Sometimes it’s the friends or family member of an alcoholic who help them see how jacked up their behavior was. For me, it was checkout girl named Roxie.
For much of my hardcore daily drinking, I lived across the street from a Von’s grocery store in the hip and occassionally dangerous neighborhood of Echo Park in Los Angeles. I lived in that apartment for 8 years and drank nearly every day during my time there. Having that “open until midnight” grocery store steps away from house was divine for a dialy drinker who liked to turn your plain old Tuesday into an excuse to get hammered. In many LA grocery stores, especially the ones in dicier neighborhoods, the liquor is kept locked behind glass doors on a walls near the registers. Going there daily, the checkers knew who we were and were always at the ready to unlock and pull out whatever it was we were drinking that night. During long runs of drinking, it felt shameful to have them yet again fetch booze for me. But not shameful enough. I got over it pretty quickly when it was in my hands and I was out the door. One Von’s employee, Roxie, was usually working nights when I would pop in after work to get a bottle before they closed. Roxie sold me alcohol many times when she probably shouldn’t have. Roxie rung me up in one or two blackouts. Roxie saw my disease almost nightly and was forced to deal with it for 9 bucks an hour. She was a doll though and we always had a cordial back and forth. Short, plump and kind of saracstic, Roxie was a friendly, if not always enthustastic enabler. Through the years, I saw her get pregnant, start college, change boyfriends. And then in 2009, I stopped seeing her altogether.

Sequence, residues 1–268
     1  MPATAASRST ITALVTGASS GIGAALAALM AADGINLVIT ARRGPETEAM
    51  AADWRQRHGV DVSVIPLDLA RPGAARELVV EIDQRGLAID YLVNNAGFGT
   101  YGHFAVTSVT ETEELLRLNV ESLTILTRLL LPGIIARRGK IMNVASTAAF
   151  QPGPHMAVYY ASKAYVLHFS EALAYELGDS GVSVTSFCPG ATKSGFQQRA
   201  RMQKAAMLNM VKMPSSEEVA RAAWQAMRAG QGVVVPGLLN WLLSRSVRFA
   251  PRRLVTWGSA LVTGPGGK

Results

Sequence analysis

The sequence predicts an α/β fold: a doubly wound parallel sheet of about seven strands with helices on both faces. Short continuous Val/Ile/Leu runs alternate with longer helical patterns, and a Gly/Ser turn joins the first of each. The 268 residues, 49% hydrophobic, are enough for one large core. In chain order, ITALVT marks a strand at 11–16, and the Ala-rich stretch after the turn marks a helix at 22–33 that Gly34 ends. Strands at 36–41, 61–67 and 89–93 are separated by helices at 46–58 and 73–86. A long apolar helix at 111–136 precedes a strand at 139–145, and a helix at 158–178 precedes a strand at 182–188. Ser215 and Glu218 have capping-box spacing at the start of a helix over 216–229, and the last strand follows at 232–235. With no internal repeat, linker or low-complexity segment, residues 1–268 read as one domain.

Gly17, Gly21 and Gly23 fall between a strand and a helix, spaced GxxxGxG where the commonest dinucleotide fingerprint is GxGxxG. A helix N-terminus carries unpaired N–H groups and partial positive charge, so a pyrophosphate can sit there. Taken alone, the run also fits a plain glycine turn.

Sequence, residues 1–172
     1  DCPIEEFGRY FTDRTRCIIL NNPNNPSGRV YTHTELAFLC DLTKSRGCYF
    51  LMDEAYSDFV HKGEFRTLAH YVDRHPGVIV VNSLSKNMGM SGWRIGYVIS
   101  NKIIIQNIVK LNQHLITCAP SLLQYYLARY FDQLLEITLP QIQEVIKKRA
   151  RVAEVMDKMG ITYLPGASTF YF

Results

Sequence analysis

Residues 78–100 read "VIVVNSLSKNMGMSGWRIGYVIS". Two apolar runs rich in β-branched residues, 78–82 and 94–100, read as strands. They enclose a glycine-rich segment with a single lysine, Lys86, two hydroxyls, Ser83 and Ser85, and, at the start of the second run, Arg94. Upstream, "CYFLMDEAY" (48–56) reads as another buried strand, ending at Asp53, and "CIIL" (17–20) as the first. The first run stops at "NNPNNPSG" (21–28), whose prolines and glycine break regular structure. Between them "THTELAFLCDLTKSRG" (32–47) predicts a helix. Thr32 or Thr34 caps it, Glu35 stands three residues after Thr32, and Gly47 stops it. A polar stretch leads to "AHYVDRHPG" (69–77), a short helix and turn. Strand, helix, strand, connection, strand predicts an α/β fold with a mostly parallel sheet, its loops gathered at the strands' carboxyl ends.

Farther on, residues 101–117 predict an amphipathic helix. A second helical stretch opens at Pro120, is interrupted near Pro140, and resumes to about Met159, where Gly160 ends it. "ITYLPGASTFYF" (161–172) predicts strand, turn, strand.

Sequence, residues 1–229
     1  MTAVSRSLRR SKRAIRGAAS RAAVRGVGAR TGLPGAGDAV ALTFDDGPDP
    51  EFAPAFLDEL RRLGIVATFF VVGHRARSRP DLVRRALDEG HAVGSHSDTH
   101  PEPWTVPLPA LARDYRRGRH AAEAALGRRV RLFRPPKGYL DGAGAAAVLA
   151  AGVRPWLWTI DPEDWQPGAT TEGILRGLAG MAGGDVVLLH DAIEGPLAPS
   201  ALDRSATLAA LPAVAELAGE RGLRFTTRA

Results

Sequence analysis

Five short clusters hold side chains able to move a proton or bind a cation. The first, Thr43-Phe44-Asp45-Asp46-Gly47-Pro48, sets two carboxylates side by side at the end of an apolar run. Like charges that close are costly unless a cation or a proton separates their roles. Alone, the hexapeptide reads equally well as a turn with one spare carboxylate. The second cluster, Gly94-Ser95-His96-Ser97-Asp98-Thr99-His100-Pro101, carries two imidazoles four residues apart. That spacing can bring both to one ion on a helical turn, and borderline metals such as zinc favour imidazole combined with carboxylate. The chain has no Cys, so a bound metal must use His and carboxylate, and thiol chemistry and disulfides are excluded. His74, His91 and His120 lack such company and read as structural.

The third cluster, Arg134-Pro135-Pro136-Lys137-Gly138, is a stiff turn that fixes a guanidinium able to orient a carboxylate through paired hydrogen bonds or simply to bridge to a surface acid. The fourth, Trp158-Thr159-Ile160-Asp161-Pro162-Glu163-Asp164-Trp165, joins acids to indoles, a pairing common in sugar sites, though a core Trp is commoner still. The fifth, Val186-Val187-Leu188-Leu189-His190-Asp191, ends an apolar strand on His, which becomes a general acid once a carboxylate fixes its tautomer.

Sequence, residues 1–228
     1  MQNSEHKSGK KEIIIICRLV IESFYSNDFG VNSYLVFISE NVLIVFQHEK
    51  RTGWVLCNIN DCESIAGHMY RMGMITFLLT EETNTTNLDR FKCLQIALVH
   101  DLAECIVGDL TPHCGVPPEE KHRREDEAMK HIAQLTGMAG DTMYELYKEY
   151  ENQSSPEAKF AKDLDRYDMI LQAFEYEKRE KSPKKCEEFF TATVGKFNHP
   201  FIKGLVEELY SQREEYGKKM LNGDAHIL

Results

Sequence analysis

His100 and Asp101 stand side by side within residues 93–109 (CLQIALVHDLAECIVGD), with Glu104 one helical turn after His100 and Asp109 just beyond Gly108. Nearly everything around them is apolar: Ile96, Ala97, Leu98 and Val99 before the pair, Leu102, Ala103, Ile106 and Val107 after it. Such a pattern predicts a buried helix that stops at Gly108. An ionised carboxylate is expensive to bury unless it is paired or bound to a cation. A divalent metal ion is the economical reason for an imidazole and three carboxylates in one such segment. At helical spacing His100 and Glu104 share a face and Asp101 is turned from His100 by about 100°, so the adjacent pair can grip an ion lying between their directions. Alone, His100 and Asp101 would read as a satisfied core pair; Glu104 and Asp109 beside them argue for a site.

That Von’s stopped being across the street when I moved away to the West Side to get sober. Our paths didn’t cross until a year and a half later when I was back in the neighborhood housesitting for the summer. I stopped into get cigarettes, which were also behind the counter, and Roxie who rung me up asked “Do you need a bottle too?” And I said “No I don’t drink anymore.” To which she replied, “Thank God. You used to drink all the time. Good for you!” That exchange hit me in the gut. Here’s this girl who didn’t even know me but could see my drinking was totally out of control. For a long time, the story struck me as funny. Like when the checkout girl realizes how much you drink, you know you’ve got a problem! But now it reminds me how real the problem was. It’s an oddly powerful yet brief moment that sticks with me especially when my mind tries to tell me I could maybe drink like a normal person. It also reminds me how many were affected by my alcoholism and how truly terrible it was.
So thanks, Roxie. Wherever you are. You’ve helped me more than you’ll ever know.